Excerpts from Jim Conrad's
Naturalist Newsletter


from the the April 26, 2009 Newsletter, issued from the Siskiyou Mountains west of Grants Pass, Oregon:

One of the most curious signs of spring here is shown breaking through very hard, gravelly soil alongside a road, and next to a California Black Oak leaf, above.

That's usually called the California Groundcone, or sometimes Broomrape. It's BOSCHNIAKIA STROBILACEA. The plants, not yet flowering, are quite common here. They're not green because they don't photosynthesize their own food; they steal their food, being parasitic on the roots of our abundant manzanitas and madrones. That's why they're all in a line, rising above the manzanita or madrone root they're tapped into with rootlike "haustoria." Later, flowers will emerge from between the plants' purple bracts.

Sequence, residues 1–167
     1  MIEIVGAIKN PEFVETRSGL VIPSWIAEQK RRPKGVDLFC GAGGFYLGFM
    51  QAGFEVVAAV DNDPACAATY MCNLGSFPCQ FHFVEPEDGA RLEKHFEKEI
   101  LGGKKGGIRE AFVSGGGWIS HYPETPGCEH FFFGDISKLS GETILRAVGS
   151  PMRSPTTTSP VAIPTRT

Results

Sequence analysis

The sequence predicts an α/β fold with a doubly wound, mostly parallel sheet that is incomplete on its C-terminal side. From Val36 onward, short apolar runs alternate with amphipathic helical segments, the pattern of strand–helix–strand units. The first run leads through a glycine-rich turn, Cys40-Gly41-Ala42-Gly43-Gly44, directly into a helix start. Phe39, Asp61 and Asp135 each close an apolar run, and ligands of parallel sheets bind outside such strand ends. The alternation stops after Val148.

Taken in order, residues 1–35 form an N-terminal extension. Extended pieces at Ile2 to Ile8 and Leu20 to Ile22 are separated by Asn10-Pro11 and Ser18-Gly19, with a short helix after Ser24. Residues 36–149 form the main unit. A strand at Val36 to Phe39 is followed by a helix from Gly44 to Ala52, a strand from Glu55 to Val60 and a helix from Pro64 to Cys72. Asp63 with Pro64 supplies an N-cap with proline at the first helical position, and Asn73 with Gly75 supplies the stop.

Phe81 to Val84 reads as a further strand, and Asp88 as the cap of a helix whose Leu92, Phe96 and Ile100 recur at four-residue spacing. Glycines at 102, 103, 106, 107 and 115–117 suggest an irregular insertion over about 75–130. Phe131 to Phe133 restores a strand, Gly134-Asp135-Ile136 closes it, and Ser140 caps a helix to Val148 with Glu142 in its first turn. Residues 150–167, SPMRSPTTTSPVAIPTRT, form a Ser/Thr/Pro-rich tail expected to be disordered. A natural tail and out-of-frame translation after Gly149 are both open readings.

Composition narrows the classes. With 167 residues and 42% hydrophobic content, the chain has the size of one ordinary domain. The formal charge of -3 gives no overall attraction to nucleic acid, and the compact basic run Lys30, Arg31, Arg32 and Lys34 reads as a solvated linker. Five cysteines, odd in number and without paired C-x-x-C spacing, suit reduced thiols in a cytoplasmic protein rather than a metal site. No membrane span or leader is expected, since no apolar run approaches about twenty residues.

These plants are so weird that they belong to their own family, the Broomrape Family, or Orobanchaceae. The genus Boschniakia is native to western North America and extreme northeastern Asia, which means they're not found in eastern North America. However, the East has somewhat similar plants in the same family but a different genus.

California Groundcone, BOSCHNIAKIA STROBILACEA, yellow variation

NOTE ADDED May 21, 2009:
Judging from the number of pictures on the Internet similar to the above, yellow variations are not too uncommon. This group returns year after year, always yellow.